The Independent Golfer

Excerpt from CHAPTER 5

Playing Golf and Saving Money:
Two Great Scottish Traditions

...As an Independent Golfer, you will find it quite easy to take charge of your own travel in Scotland. Once you decide that you are not going to be limited to the tour routes, a wide range of possibilities open themselves to you. You can travel to any number of interesting, challenging and un-crowded courses that will test your game without testing your patience or your wallet. Getting to these courses might take you over scenic roads that hug rocky coasts, or twist through wooded glens or over heather-covered mountain passes. Following your own timetable, you might decided to interrupt your journey for a few minutes to scramble up the side of a hill to explore an 800 year old castle ruin that you spied as you came around a curve in the road. Or you might stop off at a local competition of Highland Games to watch dancing troops, pipe bands, sheep dog trials and local athletes as they toss the caber (throw a 150 lbs, 18 foot long wooden log.) You can stop at a pub in a village of 12 houses nestled in a forest along the bank of a mountain loch (lake), there to enjoy a lunch of hearty home-made soup and a ham and cheese sandwich washed down with the local lager. You can select a small hotel or bed-and-breakfast and enjoy an evening cup of tea with the proprietor before snuggling down into crisp sheets under a fluffy down comforter for the night. And you can do this all at a fraction of the cost-per-day of any golf tour that you could take....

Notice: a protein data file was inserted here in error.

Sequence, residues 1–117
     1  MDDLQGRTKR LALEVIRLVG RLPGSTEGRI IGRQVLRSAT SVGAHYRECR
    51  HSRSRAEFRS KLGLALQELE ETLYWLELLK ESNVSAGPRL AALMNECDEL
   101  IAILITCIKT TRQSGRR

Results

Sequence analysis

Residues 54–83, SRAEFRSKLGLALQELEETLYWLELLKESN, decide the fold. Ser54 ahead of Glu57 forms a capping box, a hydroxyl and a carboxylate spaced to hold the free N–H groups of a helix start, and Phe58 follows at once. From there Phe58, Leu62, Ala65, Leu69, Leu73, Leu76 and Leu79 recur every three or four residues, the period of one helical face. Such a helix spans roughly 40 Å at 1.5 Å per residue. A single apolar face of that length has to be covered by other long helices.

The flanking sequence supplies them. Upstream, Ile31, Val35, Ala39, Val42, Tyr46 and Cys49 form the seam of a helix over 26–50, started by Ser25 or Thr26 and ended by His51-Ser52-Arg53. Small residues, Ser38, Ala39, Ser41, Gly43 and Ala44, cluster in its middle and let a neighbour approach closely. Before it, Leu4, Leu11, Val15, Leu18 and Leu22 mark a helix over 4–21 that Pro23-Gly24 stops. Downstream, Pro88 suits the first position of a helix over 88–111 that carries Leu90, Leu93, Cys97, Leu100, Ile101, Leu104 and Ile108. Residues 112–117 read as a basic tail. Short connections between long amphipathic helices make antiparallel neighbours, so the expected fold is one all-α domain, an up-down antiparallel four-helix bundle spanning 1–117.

...I highly recommend that, on a golfing outing in Scotland, the independent golfer should pick a hub of operations from which travel to the desired courses is easy. If the trip is short, 5 - 7 days, one hub is sufficient. You can get around to all the golf you want from one place in that time.  If you are lucky enough to be staying longer, then two hubs might work, staying in one area for the first half of your trip and another for the second. For two-week trips I have tried both a two-hub and a three-hub plan. Though three hubs might appear to be more ambitious and offer more opportunities, I actually found the two-hub plan was more relaxed, gave me more time away from the road, and offered just as much opportunity for great golf.

If you opt for this “hub strategy,” selecting an advantageous hub is all-important....
British Open CoursesWorld Class CoursesHidden GemsHome Courses
List of CoursesCourse DescriptionsACourse DescriptionsBCourse DescriptionsCCourse Descriptions –
Entering an OpenTwo ExamplesWhy World-Class Courses are Unknown to Americans
What Are CaddienotesSample Caddienote Obtain Caddienotes
Types of AccommodationsInverness HubDornoch HubOban HubSouthwest Hub
Fife HubAyr HubNortheast HubTips for DrivingCompetition and ParLinks Play
Dress on Scottish CoursesAccommodationsReal Scottish GolfThe CubhousePace of Play
Scottish HistoryOutdoor ScotlandWhiskyScottish Music
Highland Games
Shopping in ScotlandSeeking AncestorsBooks on Scotland GolfTraveling Supplies
Websites About Scotland GolfOther Golf WebsitesSite Map